Project final report

Adoption of conservation agriculture practices in selected sites in Uganda: drivers, constraints, and obstacles - Final Report

Date released
05 April 2024
Publication Code

Sarina Macfadyen, Andrew Kalyebi, Drake N. Mubiru, Andrew Hulthen


The project aimed to identify the research gaps and potential partners for future funding on conservation agriculture (CA) adoption in Uganda, with a focus on crop-livestock interactions. CA is a set of practices that can improve soil health, water use efficiency, and productivity in smallholder systems. Still, it faces challenges such as input quality and availability, weed and pest management, labour costs, and trade-offs between crop residues and livestock feed.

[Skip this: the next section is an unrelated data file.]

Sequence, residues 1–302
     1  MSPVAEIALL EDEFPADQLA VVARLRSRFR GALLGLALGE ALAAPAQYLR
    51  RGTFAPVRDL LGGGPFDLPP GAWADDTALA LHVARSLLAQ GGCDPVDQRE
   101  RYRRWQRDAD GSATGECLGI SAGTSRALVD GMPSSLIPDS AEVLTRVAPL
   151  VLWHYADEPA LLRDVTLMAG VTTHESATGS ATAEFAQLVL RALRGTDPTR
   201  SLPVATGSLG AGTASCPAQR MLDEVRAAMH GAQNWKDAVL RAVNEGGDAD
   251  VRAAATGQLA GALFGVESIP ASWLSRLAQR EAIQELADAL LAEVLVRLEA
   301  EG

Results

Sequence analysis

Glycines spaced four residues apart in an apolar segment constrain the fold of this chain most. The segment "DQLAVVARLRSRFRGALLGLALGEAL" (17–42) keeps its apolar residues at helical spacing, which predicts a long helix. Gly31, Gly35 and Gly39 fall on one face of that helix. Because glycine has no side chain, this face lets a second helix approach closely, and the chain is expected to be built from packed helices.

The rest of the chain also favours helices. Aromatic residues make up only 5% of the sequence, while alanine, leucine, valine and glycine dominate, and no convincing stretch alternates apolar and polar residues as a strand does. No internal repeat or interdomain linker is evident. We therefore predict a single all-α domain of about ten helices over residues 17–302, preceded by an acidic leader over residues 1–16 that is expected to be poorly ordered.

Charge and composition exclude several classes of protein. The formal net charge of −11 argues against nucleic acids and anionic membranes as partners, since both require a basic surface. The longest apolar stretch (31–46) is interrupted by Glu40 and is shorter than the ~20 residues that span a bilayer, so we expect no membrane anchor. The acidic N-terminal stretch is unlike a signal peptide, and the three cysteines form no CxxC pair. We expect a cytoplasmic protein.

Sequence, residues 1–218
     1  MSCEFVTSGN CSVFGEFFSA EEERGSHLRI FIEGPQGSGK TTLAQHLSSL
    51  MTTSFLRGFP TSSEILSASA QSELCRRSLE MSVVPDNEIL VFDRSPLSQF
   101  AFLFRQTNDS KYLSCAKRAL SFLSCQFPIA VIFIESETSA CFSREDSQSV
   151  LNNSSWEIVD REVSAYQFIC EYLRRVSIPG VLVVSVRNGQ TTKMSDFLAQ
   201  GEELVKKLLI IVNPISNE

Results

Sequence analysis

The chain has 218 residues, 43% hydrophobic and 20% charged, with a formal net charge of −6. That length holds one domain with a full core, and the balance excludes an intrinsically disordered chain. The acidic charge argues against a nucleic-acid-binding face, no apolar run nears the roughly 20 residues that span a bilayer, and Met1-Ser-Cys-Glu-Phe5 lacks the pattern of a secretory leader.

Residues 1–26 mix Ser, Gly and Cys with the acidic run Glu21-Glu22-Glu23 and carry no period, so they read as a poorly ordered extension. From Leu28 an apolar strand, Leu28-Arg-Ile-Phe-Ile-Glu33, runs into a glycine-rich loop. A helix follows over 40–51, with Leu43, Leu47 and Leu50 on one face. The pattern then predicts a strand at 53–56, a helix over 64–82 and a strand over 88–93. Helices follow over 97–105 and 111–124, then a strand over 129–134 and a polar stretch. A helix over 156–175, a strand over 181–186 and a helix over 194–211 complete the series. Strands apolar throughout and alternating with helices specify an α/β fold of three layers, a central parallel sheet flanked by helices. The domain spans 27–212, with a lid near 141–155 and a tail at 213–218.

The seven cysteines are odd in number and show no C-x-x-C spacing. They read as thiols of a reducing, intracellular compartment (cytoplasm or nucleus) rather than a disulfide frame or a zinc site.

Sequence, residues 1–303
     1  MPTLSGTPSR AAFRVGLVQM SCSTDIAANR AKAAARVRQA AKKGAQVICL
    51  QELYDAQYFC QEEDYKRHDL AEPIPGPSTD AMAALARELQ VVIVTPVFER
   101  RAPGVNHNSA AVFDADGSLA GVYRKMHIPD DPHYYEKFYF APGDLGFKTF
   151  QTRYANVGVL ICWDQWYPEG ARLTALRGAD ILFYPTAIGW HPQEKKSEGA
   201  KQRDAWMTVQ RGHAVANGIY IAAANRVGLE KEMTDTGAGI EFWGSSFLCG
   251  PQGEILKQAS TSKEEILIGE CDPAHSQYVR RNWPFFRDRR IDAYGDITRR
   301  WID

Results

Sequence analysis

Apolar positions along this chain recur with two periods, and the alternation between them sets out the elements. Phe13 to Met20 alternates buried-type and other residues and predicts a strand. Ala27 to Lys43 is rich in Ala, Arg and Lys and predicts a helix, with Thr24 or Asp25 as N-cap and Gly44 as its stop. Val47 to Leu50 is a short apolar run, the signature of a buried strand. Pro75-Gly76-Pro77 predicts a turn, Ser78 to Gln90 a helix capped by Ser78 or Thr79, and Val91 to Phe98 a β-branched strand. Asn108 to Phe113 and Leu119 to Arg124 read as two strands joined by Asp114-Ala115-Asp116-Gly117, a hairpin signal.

The project found high awareness and adoption of some CA practices in the target regions, especially among farmers exposed to previous CA initiatives such as SIMLESA. However, there were also cases of disadoption and modification of some practices due to various biophysical and socio-economic challenges. The project identified several research gaps and opportunities to address these challenges and enable sustained and scaled adoption of CA, such as soil fertility management, crop-livestock integration, weed and disease control, input supply and quality, mechanisation, and policy support.

The project recommended two divergent streams of research for the future: one to scale-out the adoption of CA practices in new regions with appropriate agroecologies, and one to improve the long-term adoption of CA practices in farming communities where some practice change has already occurred. The project also suggested using the existing network of scientists and organisations built during SIMLESA to deliver the future research, and to involve farmers and other stakeholders in the research process.

View the project page